Every day when I look out my windows past my sacred stones, I can't help but feel their energy and memories.  Sometimes I pick up a stone and imagine I'm transported back to the thin place where I collected it.  These contemplative moments do transcend time and space.  I gather strength in holding the stones and remembering.  Sometimes I wonder if there isn't some kind of mystical connection between the stone and its prior home in that thin place. 

I also have a fifty pound stone I heisted from the Rock of Cashel.  It sits near the pond in our front garden.  How did I transport it home?  That's another story .... another post.

Below are photos of the thin places where I gathered the stones in my window.




Prince Edward Island - North Rustico.



Lake Pend Oreille in Idaho.  This photo was taken from our campsite at sunset. The stone was found just at the shore in front of where we were camping. 



 
Lindisfarne Castle



The lake on the Hill of Uisneach.

8 comments:

  1. Sure do! from one sacred stone person to another!

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  2. Anonymous10:53 PM

    i found a stone in a shape of a heart
    when i was at the beach so now i have it at home
    what does it mean?
    but three months ago i found a big stone in a river in a shape of a heart too in that moment i was with my boyfriend
    it does it mean anything?
    somebody konws??
    please i need an answer

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  3. Cailleach Beara2:03 PM

    hmmm...more connections...

    Like you, I travel with ridiculous baggage...in the form of too many books from home...but I also have an affinity to stones. I think my fascination for them stems from my interest in geologic time, mostly. But there is some sort of 'otherly' connection to me as well.

    I also bring back 'representative' stones that I connect to, but! the other thing that I do...I take stones from the home that I am spiritually connected to in Montana, glacially tilled beauties from the area, from camping or walking or river trips......and I bring them to important places that I am spiritually connected to in my other home, Ireland. The moment finds me and I know when to place it or leave it. There's a holy well and a cliff and a beach that I've left stones at in Ireland.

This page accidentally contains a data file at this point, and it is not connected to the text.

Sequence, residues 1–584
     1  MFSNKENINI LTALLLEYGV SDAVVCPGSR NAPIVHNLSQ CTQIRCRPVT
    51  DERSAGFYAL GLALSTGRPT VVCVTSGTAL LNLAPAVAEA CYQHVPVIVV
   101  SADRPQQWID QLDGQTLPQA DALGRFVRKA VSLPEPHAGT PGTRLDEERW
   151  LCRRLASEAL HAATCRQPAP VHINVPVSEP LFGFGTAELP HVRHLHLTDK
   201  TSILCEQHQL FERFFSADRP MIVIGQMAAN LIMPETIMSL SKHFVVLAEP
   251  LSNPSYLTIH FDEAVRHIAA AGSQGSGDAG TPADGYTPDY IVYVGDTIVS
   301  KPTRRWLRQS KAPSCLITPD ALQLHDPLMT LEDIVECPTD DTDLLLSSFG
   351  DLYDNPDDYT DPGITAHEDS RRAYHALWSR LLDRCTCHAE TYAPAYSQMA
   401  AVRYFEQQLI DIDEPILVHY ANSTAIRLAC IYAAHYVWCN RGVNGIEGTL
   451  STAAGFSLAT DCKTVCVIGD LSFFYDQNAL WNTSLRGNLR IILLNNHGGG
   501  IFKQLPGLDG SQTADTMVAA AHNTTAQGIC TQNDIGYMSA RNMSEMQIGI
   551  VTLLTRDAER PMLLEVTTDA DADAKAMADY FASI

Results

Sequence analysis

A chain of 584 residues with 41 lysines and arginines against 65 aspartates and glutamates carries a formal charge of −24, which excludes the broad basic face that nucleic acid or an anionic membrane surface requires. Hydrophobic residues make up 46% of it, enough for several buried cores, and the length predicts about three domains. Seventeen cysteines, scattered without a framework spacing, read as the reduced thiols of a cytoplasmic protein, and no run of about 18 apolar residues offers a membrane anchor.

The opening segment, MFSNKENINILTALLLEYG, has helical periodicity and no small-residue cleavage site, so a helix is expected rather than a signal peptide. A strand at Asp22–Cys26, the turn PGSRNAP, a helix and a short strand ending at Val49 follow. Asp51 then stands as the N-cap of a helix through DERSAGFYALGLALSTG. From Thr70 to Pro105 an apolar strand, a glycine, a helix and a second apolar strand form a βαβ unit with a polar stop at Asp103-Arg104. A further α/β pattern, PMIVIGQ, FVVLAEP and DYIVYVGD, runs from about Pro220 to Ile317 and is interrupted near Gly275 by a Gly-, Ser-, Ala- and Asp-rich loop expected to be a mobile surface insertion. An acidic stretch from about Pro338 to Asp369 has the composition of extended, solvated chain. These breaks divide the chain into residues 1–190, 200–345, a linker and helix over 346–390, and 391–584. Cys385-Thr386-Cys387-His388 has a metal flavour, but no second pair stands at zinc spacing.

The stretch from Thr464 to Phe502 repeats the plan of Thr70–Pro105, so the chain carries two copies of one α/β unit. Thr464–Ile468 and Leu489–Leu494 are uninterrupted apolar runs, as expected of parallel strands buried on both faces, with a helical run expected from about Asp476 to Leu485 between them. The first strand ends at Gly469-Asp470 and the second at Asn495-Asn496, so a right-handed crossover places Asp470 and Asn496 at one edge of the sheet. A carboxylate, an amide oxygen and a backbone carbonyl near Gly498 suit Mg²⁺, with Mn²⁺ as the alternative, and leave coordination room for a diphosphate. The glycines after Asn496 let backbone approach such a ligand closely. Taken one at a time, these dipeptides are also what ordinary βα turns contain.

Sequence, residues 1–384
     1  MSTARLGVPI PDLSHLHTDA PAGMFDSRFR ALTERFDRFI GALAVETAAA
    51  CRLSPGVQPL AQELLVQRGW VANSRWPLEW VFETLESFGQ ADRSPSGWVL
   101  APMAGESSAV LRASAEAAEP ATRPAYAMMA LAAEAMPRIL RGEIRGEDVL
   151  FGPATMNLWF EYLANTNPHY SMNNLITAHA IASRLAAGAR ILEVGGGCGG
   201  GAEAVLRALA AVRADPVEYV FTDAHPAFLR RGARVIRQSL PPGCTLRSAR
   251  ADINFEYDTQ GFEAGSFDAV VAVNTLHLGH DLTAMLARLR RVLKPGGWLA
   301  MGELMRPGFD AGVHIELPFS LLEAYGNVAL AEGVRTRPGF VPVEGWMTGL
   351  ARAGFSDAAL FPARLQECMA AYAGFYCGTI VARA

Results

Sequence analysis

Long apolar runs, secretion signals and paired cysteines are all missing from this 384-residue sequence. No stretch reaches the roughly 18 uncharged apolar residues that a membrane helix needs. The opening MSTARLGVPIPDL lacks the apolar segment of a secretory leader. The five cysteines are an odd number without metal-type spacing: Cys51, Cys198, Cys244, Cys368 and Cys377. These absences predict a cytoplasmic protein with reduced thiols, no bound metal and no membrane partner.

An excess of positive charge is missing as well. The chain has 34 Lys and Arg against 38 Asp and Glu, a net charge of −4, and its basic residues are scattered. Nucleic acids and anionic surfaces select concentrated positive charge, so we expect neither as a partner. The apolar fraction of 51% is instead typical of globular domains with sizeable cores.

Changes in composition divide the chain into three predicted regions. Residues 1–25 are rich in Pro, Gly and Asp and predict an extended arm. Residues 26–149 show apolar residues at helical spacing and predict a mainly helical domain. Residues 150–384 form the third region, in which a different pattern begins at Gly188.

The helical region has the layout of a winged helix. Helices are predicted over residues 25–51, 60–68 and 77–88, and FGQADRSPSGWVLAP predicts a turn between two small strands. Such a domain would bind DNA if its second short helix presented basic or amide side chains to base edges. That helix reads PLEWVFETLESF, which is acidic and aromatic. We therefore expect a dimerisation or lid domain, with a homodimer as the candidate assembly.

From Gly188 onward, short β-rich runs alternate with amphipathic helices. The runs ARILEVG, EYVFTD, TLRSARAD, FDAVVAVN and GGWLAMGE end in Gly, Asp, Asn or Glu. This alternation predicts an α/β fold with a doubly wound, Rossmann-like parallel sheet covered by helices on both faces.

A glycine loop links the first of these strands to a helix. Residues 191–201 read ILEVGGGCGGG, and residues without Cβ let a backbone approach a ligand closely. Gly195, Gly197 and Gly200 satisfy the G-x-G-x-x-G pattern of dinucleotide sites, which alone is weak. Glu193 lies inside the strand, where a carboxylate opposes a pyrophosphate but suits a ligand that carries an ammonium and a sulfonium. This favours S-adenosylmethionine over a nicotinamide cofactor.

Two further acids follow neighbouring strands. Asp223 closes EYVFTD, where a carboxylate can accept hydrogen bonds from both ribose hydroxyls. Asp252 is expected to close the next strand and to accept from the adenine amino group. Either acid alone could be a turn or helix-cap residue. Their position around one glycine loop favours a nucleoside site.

That way, a piece of my 'old memory' is transported from the home I am in to the home I am away from (and vice versa, bringing other stones back with me). It makes me feel very connected to both places at once. It makes me happy and not lamenting so much.

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    Replies
    1. What a beautiful way to describe the connection of stone to place. Love the way you describe that.

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  4. I too collect stones when something about them fascinates me. I have quite a few heart shaped ones. My granddaughter Ava loves going through them., colored one, shiny ones, and ones that "spoke" to me. They are small so she can pick them up and feel them. We both love stones.

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    1. My granddaughters do the same thing. I got them a box to put stones and tokens from their travels in. I bring them back a stone (with a story) every time I go someplace. So much better than some stupid chatchke. Stones are connectors. Thanks for taking the time to comment.

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  5. Anonymous2:14 PM

    My kids brought the elementary school playground home one rock at a time. Later, they brought back rocks from every vacation. We tumbled some of them. Now, they've left home, taking their favourite rocks with them. Fascinating to know others do the same.

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    1. Thanks for sharing that. Rocks hold the energy of a place. I'm still surprised that they're free. I carry small stones in my pocket too. I think children have a keen sense about energy and sense of place embedded in stones. Don't you?